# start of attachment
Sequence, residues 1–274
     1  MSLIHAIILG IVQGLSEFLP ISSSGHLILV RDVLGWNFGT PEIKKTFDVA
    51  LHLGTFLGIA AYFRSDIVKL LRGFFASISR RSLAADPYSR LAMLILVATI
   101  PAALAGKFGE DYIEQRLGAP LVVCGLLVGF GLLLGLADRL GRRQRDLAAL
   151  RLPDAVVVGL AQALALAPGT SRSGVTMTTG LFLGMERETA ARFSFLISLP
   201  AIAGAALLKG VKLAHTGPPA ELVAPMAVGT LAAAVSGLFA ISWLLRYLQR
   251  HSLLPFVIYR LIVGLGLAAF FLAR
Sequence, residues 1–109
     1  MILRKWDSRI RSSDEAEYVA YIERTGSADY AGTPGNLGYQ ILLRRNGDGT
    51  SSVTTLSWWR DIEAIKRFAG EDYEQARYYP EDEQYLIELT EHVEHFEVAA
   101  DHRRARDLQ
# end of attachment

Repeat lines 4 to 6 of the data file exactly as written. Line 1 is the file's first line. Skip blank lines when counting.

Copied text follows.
   101  PAALAGKFGE DYIEQRLGAP LVVCGLLVGF GLLLGLADRL GRRQRDLAAL
   151  RLPDAVVVGL AQALALAPGT SRSGVTMTTG LFLGMERETA ARFSFLISLP
   201  AIAGAALLKG VKLAHTGPPA ELVAPMAVGT LAAAVSGLFA ISWLLRYLQR